A timely halt: On the Haldwani eviction issue

Supreme Court must lay down rehabilitation norms for eviction from public spaces

Updated - January 09, 2023 03:53 pm IST

Published - January 09, 2023 12:15 am IST

The Supreme Court’s timely intervention has halted the forcible eviction of some 50,000 people from Haldwani in Uttarakhand, where the occupants are accused of squatting on railway property for decades. The Uttarakhand High Court had taken a tough stand against the residents, and passed a slew of directions that would have entailed their eviction within a week, backed by force, including the deployment of paramilitary forces. It is significant that the Bench underscored the human angle to the issue and spoke about the need for rehabilitation before eviction while staying the order. In an earlier round of litigation over the same land, which adjoins the Haldwani Railway Station, court orders had allowed proceedings against individual occupants under the Public Premises (Eviction of Unauthorised Occupants) Act, 1971, to be completed. This time, too, it was on a PIL that the High Court had passed its orders. The High Court’s detailed judgment shows that the residents’ claim is traceable to a 1907 Office Memorandum that says the area be managed under rules pertaining to ‘nazul land’. The court has ruled that it was not a government order but only a communication on how to manage the land, and it does not amount to declaring it as ‘nazul land’, that is, land that has fallen into the hands of the state by escheat. As one of the nazul rules is that there cannot be sale or lease, the court rejected all claims made by occupants based on purported documents for lease, sale, and, in some cases, purchase through auction.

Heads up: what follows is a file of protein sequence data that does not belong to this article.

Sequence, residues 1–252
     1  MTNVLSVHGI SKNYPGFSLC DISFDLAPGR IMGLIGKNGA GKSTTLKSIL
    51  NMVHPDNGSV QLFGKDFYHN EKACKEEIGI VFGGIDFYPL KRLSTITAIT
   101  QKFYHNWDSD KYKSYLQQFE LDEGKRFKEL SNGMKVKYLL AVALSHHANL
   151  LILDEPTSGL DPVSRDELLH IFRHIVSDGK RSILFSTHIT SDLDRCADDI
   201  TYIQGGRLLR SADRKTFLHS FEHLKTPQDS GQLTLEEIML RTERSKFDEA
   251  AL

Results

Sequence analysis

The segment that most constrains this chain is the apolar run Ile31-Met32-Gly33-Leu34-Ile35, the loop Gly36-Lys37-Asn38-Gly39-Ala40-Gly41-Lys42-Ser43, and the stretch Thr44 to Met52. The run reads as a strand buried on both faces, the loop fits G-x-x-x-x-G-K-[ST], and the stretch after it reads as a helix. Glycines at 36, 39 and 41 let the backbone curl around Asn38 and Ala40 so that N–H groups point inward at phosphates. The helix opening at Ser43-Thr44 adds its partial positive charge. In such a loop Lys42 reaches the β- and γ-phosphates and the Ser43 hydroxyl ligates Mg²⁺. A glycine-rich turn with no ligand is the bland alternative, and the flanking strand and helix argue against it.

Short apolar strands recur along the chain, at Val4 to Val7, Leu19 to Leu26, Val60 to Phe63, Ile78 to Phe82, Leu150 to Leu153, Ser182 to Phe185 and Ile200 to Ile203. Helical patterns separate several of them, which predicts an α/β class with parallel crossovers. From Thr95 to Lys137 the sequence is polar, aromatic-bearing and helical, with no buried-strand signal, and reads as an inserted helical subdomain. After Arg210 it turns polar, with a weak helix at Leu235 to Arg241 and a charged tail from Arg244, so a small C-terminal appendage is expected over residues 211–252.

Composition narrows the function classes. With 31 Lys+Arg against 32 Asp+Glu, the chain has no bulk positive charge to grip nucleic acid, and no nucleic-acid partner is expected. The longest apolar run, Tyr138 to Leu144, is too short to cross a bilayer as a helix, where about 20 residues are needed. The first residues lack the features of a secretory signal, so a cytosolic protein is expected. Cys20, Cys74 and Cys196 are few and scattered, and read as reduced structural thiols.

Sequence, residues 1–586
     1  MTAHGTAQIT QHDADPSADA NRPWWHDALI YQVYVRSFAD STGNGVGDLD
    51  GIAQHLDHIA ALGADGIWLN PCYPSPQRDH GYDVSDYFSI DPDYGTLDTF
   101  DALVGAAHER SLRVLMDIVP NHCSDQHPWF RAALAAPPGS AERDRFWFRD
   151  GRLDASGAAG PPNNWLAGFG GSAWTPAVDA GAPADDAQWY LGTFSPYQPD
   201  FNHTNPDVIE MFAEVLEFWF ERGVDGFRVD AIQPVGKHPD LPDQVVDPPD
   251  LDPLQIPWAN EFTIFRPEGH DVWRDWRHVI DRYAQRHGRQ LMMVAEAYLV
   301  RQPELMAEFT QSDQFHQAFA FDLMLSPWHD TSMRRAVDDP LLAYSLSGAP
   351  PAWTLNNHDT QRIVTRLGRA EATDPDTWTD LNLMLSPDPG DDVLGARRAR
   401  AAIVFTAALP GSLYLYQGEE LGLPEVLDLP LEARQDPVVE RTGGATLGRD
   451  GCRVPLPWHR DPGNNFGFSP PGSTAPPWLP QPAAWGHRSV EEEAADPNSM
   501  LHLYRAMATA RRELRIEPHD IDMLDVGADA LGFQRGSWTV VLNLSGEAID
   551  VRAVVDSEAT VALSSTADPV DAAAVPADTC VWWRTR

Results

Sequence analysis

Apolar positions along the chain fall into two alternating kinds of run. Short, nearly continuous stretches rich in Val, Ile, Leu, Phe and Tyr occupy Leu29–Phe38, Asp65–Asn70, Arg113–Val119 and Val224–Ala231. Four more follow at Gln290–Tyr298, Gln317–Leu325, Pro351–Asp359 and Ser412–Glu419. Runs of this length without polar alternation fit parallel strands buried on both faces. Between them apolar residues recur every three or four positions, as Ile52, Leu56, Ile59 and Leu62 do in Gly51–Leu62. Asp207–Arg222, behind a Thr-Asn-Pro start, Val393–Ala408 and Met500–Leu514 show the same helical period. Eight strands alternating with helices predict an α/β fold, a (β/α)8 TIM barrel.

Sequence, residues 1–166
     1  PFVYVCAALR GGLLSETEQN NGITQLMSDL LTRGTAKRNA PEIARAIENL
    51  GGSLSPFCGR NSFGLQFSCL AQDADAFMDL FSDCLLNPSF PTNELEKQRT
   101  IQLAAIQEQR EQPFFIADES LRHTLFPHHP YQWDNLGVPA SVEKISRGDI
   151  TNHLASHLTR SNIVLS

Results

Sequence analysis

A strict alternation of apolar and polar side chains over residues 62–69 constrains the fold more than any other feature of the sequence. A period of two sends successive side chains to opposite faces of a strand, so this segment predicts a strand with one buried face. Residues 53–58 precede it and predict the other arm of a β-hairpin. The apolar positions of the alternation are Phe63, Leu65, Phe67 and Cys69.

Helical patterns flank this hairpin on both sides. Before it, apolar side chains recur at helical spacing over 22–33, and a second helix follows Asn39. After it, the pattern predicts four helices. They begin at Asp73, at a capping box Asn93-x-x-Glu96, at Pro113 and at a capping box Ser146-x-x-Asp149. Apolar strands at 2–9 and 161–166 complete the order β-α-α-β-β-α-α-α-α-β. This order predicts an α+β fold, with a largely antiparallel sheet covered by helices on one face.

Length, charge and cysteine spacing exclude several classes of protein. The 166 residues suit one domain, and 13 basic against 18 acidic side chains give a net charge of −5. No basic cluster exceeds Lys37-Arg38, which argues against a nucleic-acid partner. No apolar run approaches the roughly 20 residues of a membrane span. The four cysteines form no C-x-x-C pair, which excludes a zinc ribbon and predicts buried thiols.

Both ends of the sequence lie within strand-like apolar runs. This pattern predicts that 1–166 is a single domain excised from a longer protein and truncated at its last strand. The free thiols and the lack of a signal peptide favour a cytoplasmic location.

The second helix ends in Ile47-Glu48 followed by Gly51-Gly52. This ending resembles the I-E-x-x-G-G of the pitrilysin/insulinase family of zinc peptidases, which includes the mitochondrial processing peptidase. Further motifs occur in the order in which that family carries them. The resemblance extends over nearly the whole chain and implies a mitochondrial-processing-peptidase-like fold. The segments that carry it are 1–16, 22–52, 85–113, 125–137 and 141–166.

Conflicts between occupants of public land and the state that wants to reclaim the land are a never-ending saga in the country. A shortage of housing, as well as inadequate recognition of the right to shelter, means that large masses of people encroach on vacant land, be it on the bed of water bodies or government property. This often leads to attempts to evict the occupants and spawns litigation. Invariably, there are claims to occupancy rights based on long years of stay at the same location. There are court judgments that stress rehabilitation measures and consultation with the oustees before eviction. Some courts have also recorded the view that mandatory rehabilitation may prove to be an incentive for encroachment. The Haldwani eviction effort has unfortunately taken communal overtones, and there appears to be a clamour for the early eviction of the Muslim residents. India does not have a good record on rehabilitation of those evicted from public spaces, and this case presents an opportunity to the Supreme Court to lay down the law on meaningful rehabilitation as well as effective prevention of encroachments.

To read this editorial in Tamil, click here.

To read this editorial in Malayalam, click here.

To read this editorial in Hindi, click here.

To read this editorial in Telugu, click here.

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